Today Phillip Retief, the marketing and finance member of the quartet notes that Four Cousins has been “embraced by South Africans” both in the Cape, in Soweto and Gauteng, in KwaZulu-Natal, by university students and in general the young consumer. They saw that the untapped market preferred sweeter wines, so that’s what Four Cousins gave them.

The group are marking their 18th birthday by revamping the packaging , putting all wines under screwcap, making their labels bigger and better.

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The range consists of five still wines – dry red and white, sweet red and white and sweet rosé while there is a quartet of sparkling wines, rosé, blush, red, sauvignon blanc and white which they suggest will make a fine pairing with macaroons, the trendy sweet snack that is a must- have item at every occasion. As the younger consumer is targeted, its pleasing to note that these wines generally sport low alcohol levels, ranging between 8 and 12.5% 

 

An awesome achievement Bussell, Phillip, Hennie and Neil - here’s to the next decade and continued success as the Four Cousins reach every corner of our country and  find even more fans in the  62+ countries across the globe. Wow!

 

 

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Having made a sizeable splash on the Cape wine scene with their captivating Carménère 2016, it’s time to look at the other reds flowing from Lozärn Wines at Doornbosch farm in the Bonnievale area.

 

Appearances do matter, and the first impression of the two reds I was about to open is one of sauve elegance – Black bottles, black labels, minimal text. In front the labels just inform, in bronze lettering that this is Lozärn shiraz 2016 and Lozärn Kay’s Legacy 2016, but down the sides of the wrap-around label, there is more info.

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To the shiraz first, made from 16-year-old wines – this is medium-bodied, offering wafts of berried fruit with more on the palate. There is an attractive purity, which, (dare I say it?) could be attributed to a woman winemaker, as I have experienced this characteristic far more with wines made by females. The tannins are still quite grippy but are sure to soften over the next year or two to meld happily with the fruit.  Tasters could (or should?) also detect coriander, cranberries, cloves and goji berries in this wine, which is enjoyable already, but is going to improve even more with time. Alcohol levels of 14% do not intrude, and the wine is aimed at the upper end of the middle market, retailing at R260.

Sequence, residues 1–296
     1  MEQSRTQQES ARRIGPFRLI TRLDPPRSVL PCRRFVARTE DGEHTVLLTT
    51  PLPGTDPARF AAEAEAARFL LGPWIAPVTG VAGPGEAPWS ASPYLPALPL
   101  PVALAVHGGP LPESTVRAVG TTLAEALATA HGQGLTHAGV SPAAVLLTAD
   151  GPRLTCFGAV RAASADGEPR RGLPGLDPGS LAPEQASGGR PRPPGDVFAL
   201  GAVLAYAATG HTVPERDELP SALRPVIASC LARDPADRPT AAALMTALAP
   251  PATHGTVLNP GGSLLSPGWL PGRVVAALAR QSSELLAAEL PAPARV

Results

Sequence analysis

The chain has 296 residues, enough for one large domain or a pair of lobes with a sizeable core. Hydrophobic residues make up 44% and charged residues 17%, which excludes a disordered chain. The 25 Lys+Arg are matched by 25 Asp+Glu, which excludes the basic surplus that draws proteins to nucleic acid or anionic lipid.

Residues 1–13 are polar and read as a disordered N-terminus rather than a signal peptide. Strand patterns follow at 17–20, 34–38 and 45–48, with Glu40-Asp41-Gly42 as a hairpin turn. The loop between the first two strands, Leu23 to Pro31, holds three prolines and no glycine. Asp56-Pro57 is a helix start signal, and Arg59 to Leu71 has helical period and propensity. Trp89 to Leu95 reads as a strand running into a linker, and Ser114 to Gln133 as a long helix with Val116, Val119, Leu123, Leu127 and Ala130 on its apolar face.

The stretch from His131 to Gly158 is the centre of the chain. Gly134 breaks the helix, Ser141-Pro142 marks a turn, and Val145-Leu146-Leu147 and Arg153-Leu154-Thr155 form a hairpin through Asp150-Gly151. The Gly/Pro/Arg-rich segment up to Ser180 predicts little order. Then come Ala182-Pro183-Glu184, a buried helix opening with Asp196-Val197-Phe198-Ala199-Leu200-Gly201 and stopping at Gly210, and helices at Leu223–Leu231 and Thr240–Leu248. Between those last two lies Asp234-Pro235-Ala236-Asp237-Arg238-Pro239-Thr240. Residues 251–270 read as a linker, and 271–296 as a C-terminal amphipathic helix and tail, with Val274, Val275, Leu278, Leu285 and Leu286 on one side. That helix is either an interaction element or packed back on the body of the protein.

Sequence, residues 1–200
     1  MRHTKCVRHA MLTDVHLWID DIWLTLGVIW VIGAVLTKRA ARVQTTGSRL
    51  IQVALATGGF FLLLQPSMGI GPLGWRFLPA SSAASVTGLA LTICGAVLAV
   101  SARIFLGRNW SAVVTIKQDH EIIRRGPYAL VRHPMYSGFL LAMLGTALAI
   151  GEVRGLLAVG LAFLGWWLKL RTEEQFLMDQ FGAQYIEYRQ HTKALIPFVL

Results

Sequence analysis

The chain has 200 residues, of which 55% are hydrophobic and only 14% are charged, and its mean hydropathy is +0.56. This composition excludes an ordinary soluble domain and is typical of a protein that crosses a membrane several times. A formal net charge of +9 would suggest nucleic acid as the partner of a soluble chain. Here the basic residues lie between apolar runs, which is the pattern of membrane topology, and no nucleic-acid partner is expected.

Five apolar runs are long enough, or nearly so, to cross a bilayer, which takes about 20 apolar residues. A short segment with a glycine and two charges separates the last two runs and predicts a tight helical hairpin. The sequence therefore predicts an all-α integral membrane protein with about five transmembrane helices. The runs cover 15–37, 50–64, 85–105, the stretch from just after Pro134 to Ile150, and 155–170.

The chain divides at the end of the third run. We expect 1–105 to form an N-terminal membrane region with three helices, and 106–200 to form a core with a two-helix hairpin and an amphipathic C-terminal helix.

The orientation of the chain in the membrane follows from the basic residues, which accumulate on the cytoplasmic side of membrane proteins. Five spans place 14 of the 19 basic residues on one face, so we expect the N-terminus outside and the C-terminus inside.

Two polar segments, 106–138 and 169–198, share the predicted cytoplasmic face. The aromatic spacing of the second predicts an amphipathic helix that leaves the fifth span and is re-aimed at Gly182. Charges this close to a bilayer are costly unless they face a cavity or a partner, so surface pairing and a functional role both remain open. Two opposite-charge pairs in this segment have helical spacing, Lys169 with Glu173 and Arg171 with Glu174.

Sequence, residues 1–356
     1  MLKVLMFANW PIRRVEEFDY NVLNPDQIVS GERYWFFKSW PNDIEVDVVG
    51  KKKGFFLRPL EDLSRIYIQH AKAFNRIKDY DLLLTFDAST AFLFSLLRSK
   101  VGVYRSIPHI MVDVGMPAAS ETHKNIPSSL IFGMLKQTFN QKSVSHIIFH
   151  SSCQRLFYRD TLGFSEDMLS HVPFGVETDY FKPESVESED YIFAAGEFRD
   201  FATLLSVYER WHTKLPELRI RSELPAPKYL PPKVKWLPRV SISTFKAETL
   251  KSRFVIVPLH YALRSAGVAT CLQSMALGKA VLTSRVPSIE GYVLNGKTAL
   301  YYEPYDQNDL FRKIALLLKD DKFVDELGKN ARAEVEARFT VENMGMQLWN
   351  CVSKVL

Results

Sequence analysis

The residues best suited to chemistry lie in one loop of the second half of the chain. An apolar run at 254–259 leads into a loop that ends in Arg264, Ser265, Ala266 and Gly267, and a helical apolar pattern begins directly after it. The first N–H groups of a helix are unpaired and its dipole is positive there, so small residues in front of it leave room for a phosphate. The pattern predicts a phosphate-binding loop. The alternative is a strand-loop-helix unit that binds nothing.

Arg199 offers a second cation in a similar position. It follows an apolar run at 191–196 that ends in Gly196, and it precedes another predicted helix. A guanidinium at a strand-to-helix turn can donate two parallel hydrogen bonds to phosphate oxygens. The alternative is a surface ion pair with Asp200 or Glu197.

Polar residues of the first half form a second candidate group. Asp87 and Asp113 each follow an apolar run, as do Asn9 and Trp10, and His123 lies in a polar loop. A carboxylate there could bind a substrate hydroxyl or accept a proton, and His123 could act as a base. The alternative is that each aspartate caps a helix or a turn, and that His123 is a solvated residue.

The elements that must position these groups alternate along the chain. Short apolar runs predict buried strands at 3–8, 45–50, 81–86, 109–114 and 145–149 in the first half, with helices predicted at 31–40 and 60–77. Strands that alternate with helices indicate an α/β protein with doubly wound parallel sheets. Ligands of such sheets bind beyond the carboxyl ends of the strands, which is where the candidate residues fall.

Kay’s legacy is a red blend made up of 53% cab sauvignon, 33% merlot and the remainder cab franc, a Bordeaux mix that promises a portent of pleasure to come... Winemaker Salome Buys-Vermeulen has crafted this as a legacy to family matriarch Kay Sedgwick (of sherry fame) who married Sebastian Smuts who managed the vast Vergelegen farm for some years, so the vinous connection was present in both sides of the family. Kay farmed in the Robertson valley from 1923, mostly with ducks and chickens and named her farm Lucerne (or Luzärn). Her son added vineyards when he took over and his son and grandsons, the fourth generation, now run the farm in the Bonnievale area.

The wine came with suggestions that we could expect to find fennel, mint, star anise and dandelion – I detected a little mint but the others escaped me. But it is a wine that one can linger over and find new aromas and flavours as the levels in the bottle drop... Alcohol 13,5% and retail price of R300

The tasting samples sent to media were stylishly presented, complete with little packets of spices which added agreeable aromas to the air in my study.

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ANATOLI: Authentic Turkish Cuisine by Tayfun Aras published by Human & Rousseau, 2018